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Liathach - tumbletots in Torridon
by 2manyYorkies » Thu Jun 18, 2015 8:14 am
Route description: Liathach, Glen Torridon
Munros included on this walk: Mullach an Rathain (Liathach), Spidean a'Choire Leith (Liathach)
Date walked: 12/06/2015
Time taken: 7 hours
Distance: 11.7 km
Ascent: 1400m3 people think this report is great. Register or Login free to be able to rate and comment on reports (as well as access 1:25000 mapping).
...but then it wasn't so bad either as it didn't rain, can't say fairer than that I suppose.
We parked in the trees at the end of the path down from Mullach an Ruthain, and warmed up the legs on the 2km walk back up the road to the start point, can recommend that as a tactic (thanks Andy).
As Andy remarked at the end of the walk, once off the road every yard of this walk has to be fought, so straight into the ascent by the burn, with the one saving grace that altitude gain is quick. The path is decent, a few little scramblettes, and the merest hint of a respite for a few yards on gaining the coire.
Overall, all the ascent is relentless, I think we were both happy with the progress made, and got to the ridge less than 2 hours after leaving the road. As the clag was in we politely turned down the guidebook invite to nip up to the eastern top for the views, instead turning west to make our way over the two subsidiary tops en route to Spidean a Coire Leith. The views down concentrated the mind, north-east to Beinn Eighe across Coire Dubh Mor:
Along the ridge to Stobh a Choire Liath Mhor, the top en route to Spidean:
The exit of the gully that is initially followed by the ascent path high up into Coire Liath Mhor, before the path swings east:
Summit of Stobh a Choire Liath Mhor, ridge to Spidean a Coire Leith behind:
And this is where it all got a bit silly. Moutainlove mentioned the steep little down climb coming off the summit of Stobh a Choire Liath Mhor in her March report, and it was on this that I managed to tumble, having placed my foot on a block of rock which then decided it had had enough of being joined to the mountain and wanted to make it's own way in life. I only fell a few feet but managed to smash my watch and the rock, after an initial wobble, finally dissociated itself from the mountain and landed on my knee. About the size of a large shoebox, it was enough to make me go ouch, but no proper damage done, except to pride. Andy was too busy laughing to take any photos. Salutary lesson learned about three points of contact, looking for alternatives etc...
The down climb, (there is an alternative to the left as you come down, no idea whether its any better, and I wasn't going to to go back up to find out):
The climb to the summit of Spidean was a long drag on slightly jelly-ish legs. At the top sat a solitary Frenchman, all wrapped up and determined to wait for a view...
But the only view we got there was of the south-east ridge (the one you're not supposed to go on coming off the summit):
Picking our way off the summit in the right direction in the mist was a little tricky and the compass was out a couple of times to make sure we stayed south-west. The boulder field was tiresome to say the least.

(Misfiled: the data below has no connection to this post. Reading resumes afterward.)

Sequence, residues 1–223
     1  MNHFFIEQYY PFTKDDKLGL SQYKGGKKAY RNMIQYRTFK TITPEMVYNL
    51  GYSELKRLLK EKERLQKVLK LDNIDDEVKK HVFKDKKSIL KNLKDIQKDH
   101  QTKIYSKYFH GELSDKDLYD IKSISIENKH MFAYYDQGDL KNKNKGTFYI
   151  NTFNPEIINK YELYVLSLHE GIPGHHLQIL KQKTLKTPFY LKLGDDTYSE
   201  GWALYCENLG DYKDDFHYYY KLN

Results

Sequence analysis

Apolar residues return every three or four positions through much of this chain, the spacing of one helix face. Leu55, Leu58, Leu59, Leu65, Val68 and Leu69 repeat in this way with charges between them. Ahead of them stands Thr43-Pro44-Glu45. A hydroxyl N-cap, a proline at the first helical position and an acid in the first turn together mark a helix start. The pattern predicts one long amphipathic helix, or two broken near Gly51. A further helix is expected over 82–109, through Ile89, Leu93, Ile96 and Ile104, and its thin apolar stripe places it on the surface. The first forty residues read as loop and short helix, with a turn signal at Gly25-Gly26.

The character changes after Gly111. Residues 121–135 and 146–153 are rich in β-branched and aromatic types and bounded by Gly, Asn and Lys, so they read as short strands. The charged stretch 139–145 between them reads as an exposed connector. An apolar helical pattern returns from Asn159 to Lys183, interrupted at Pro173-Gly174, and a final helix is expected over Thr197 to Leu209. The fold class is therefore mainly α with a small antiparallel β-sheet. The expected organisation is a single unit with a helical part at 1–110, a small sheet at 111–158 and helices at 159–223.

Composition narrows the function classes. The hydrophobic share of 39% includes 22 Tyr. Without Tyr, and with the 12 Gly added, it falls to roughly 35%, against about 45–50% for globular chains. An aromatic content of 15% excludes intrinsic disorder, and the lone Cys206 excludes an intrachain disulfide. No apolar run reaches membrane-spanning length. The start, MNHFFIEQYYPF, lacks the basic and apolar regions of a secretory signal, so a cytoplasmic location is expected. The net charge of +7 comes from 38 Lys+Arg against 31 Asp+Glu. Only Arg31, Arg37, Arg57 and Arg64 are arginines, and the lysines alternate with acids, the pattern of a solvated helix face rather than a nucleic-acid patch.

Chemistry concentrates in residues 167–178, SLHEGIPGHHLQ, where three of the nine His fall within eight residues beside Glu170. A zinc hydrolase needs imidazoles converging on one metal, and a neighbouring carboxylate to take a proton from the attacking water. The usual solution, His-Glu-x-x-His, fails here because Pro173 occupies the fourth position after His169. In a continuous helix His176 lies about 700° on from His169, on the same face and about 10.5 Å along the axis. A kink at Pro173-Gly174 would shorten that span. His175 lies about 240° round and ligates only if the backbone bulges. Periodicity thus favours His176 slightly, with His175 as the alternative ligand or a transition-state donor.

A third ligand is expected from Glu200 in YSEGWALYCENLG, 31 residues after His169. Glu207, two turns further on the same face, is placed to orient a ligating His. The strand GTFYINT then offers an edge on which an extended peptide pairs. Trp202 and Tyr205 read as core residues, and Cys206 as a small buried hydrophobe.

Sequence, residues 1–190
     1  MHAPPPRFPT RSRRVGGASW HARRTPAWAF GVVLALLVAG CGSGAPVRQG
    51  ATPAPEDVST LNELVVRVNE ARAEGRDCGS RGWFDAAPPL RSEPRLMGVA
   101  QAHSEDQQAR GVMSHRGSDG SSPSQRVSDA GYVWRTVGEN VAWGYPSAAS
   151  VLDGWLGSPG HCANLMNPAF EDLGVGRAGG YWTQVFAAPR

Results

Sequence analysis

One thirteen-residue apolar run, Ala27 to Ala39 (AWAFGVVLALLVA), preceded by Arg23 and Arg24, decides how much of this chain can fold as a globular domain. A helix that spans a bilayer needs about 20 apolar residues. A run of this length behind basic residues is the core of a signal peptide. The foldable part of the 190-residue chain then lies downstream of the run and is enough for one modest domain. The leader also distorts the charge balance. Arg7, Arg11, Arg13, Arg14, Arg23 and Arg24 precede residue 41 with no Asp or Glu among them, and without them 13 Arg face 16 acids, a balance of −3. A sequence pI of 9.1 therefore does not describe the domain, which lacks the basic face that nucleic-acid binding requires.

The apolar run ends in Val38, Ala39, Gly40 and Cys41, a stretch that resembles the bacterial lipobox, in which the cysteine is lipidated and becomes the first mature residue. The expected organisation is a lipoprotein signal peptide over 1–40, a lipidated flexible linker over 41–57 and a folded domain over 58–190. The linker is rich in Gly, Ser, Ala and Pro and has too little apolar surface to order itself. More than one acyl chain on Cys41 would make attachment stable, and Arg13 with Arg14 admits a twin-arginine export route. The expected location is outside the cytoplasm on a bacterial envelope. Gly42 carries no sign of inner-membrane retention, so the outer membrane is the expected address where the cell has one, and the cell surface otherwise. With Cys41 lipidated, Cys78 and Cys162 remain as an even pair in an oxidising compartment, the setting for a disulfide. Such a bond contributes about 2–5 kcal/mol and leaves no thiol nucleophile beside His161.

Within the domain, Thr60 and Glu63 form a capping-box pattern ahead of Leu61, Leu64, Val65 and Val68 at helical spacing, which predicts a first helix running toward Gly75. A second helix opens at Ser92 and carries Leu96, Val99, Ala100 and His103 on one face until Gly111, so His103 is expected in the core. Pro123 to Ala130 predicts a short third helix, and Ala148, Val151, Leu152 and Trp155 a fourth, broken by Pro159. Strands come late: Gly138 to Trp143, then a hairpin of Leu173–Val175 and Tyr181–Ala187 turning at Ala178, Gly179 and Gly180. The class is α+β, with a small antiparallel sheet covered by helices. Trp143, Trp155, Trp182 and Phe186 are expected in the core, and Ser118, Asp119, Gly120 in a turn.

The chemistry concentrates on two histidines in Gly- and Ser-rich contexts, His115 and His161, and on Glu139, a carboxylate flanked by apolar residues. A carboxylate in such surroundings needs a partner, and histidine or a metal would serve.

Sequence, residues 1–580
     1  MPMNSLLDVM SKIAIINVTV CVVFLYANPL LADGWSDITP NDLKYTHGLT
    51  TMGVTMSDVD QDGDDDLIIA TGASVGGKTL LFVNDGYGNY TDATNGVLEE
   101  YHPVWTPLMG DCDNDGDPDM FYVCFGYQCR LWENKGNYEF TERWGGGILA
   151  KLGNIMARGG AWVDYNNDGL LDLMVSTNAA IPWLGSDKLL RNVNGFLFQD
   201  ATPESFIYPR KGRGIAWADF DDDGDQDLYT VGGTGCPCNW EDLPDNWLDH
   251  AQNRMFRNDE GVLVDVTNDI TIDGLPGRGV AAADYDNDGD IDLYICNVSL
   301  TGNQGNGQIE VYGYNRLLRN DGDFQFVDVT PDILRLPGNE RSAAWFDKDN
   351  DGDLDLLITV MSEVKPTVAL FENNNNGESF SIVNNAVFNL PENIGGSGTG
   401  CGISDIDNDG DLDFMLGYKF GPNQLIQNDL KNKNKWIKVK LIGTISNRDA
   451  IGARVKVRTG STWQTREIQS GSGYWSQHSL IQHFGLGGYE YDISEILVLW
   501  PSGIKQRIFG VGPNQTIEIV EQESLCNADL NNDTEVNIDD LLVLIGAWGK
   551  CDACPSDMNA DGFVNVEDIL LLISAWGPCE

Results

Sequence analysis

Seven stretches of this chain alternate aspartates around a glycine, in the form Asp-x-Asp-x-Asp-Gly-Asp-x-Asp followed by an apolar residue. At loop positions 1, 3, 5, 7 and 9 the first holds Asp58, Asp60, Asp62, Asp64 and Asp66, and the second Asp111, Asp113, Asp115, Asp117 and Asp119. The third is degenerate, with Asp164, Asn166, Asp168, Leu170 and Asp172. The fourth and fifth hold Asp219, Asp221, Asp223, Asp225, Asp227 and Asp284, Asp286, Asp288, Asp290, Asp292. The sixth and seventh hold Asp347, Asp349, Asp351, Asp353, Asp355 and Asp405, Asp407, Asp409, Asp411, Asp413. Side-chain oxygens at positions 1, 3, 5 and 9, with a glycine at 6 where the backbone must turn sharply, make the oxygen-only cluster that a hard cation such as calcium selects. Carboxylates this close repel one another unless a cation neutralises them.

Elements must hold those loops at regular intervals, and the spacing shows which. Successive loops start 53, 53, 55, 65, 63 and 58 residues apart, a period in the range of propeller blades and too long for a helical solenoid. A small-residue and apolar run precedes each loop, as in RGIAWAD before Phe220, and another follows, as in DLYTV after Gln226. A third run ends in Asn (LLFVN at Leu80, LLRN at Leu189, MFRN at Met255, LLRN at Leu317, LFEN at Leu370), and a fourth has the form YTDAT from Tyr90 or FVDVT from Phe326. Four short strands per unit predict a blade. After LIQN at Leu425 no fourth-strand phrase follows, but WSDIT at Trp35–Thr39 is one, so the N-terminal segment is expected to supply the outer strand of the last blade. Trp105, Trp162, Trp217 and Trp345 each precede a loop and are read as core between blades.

We opted to avoid any further significant scrambling so the by-pass path it was. The clag would have rendered the pinnacles less rewarding also, but manly promises were made to come back on a fine day to do the scrambling.
And we confirmed all the previous reports about the dodgy nature of this path. Even the clag didn't reduce the sense of exposure, just made it feel even more sinister, as the steep drops to the left disappeared into a cauldron of mist..... In one gully the path had virtually disappeared, leaving just wet grass to slither across. Eventually it was all over and then the slightly bizarre grassy slopes up to the 2nd Munro, Mullach an Ruthain, appeared, completely out of context with all that had gone before. This was the third time I'd been on this summit, having gone up twice in my teens, and the weather gods smiled by allowing the mist to lift and give us some views.
Northern pinnacles looming out of the mist:
West over Loch Torridon:
South into Toll Ban and the way down:
As on Beinn Eighe the top part of the descent path was mightily eroded and awkward on tired (and ancient) legs, but path maintenance work is progressing nicely, and we soon reached firmer ground. The lower part of the descent winds down across interesting sandstone slabs and shallower ground.
and then over the most luxurious deer fence stile I've ever seen....
before eventually depositing the tired walker into a short stretch of bog before reaching the road. This mountain has to have the last laugh. Leaving the car at the descent path and avoiding the road walk at the end was the finest move of the day, but overall another great day out, and some salutary lessons learnt about rock holds and scrambling (£65 repair bill for the watch).
by Mal Grey » Thu Jun 18, 2015 9:15 am
Every time I see pictures of the bypass path I think how glad I am that both times I've done it I've stuck to the ridge scramble!
by Alteknacker » Thu Jun 18, 2015 4:01 pm
Quite a worrying experience you had there with the piece of mountain, and good to learn it didn't end up worse than it did
by skuk007 » Thu Jun 18, 2015 4:17 pm
I bet your heart skipped a beat when you felt that rock giving way, not the best mountain to have that experience on. Glad your ok though, I'll remember this next time I'm on any scrambly bits.